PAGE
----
Oh! Zone


By Terri Sota

The Southern Hemisphere may no longer have the only pole with a hole on top. A recently published paper makes the case for "an Arctic ozone cavity" of significant, but lesser magnitude than the scene-stealing void over Antarctica. More than 80 percent of the ozone — at altitudes of 11 to 12 miles — disappeared between January and March, leaving populations in Russia, Greenland and Norway susceptible to harmful, ultraviolet (UV) rays. Although some disagree whether the depletion of the ozone up north constitutes a true "hole" (a threshold for ozone loss has never been established), all concur that the hit to the Arctic's stratosphere is unprecedented.

What was unique about the winter of 2010-2011? According to NASA's Gloria Manney, lead author of the climate study, daily temperatures were no lower than in high-ozone winters. The difference was that "the extreme cold lasted more than a month longer than any previously studied Arctic winter [and produced] ozone-destroying forms of chlorine for a much longer time." The cause of the prolonged cold was an unusually strong polar vortex (a frigid, cyclonic air mass) that encircled Santa's home, blanketing approximately 6 million square miles. The atmosphere over the North Pole was locked up and prevented from mixing with warmer air from the mid-latitudes.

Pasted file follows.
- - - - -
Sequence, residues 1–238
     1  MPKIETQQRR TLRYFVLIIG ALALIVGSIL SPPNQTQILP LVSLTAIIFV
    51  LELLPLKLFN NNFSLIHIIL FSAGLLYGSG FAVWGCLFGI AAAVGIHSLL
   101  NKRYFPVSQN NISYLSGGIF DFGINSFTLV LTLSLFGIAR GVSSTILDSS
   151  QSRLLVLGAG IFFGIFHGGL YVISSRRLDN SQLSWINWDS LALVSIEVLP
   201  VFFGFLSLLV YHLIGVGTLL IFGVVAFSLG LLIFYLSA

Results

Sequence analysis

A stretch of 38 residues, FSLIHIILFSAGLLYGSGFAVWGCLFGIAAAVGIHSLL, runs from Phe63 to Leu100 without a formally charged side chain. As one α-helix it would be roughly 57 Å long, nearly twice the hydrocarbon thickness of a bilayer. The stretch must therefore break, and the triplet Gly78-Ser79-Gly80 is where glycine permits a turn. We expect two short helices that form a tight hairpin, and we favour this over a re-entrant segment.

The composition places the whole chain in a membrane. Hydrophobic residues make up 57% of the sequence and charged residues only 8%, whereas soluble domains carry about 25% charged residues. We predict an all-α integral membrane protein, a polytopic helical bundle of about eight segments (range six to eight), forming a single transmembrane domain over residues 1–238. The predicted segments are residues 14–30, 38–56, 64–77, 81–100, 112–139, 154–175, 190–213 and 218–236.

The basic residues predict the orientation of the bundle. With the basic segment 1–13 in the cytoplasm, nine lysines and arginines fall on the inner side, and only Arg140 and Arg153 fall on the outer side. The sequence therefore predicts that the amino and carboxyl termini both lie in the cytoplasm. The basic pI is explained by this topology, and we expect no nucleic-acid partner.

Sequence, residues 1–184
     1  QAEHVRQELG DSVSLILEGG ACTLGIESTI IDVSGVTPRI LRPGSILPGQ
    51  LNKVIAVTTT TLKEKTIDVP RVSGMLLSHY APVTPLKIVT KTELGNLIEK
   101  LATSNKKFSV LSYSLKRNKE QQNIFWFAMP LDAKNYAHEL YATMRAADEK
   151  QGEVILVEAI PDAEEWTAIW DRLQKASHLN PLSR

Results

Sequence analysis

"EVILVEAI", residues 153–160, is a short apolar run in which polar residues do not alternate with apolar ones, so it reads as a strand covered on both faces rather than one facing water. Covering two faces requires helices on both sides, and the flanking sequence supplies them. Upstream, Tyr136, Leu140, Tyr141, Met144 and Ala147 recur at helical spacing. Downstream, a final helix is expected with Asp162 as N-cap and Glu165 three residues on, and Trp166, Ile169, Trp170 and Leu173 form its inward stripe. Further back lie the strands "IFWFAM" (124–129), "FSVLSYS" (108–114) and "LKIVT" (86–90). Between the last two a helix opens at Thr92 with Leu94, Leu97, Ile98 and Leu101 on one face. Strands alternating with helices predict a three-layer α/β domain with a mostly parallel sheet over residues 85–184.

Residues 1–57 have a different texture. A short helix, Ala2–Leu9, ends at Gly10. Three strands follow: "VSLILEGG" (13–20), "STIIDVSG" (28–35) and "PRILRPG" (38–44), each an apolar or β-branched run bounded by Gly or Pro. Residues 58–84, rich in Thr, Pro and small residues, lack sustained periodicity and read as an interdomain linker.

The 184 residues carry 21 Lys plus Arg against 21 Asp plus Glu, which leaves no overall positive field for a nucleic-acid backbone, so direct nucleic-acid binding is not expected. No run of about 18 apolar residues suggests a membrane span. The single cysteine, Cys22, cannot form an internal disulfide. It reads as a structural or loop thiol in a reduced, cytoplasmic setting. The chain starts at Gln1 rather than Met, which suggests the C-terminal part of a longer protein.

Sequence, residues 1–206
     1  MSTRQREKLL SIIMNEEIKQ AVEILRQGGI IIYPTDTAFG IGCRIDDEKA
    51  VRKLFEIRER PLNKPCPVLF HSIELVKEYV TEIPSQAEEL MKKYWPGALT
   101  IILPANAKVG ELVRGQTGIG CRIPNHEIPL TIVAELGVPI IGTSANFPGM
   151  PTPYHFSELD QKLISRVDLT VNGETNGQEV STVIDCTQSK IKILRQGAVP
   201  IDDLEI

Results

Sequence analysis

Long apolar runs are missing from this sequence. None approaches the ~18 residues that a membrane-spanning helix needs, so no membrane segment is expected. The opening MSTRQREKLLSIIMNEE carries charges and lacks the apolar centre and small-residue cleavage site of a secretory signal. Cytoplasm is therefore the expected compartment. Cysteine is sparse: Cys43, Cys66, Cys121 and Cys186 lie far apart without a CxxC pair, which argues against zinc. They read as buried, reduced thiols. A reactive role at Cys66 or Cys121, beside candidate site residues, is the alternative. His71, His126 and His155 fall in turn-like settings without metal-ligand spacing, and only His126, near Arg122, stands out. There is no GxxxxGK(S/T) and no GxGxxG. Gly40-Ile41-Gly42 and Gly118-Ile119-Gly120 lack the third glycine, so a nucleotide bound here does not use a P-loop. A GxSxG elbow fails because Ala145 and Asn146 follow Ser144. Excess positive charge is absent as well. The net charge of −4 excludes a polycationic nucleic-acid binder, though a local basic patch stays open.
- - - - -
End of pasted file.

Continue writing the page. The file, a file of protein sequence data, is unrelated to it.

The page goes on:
Antarctica's hole is an annual occurrence. Winter temperatures of -108 degrees Fahrenheit (-78 degrees Celsius) create stratospheric clouds that accumulate inactive chemical pollutants, which react to form active, ozone killers. This process continues until the polar vortex breaks up and temperatures rise. Unlike the Arctic, which regularly receives new ozone, Antarctica experiences ozone levels that drop to zero year after year.

Global warming may promote continued long-term cold in the Arctic. At stake is the ecosystem; more UV radiation will impede the growth of some ocean algae that anchor the polar food chain. Lower-latitude cities, including New York, San Francisco and Rome, will also be impacted, as ozone-poor air increases in mass and travels south. Without ozone protection, more of the planet will be exposed to high-frequency UV radiation, which can damage DNA and cause skin cancer and cataracts. And, according to researchers, only a slight drop in Arctic winter stratospheric temperatures is necessary for all of this to occur. Despite successful global initiatives to reduce pollutants, climate change is configuring a hole new world...at the North Pole.

Classroom Discussion

  • Discuss the 1987 Montreal Protocol (initiated a global phase-out of chlorofluorocarbons (CFCs) and why CFCs continue to be an issue in the atmosphere, but not on Earth.
  • Talk about the advantages and disadvantages of using sunscreen (i.e., vitamin D deficiency).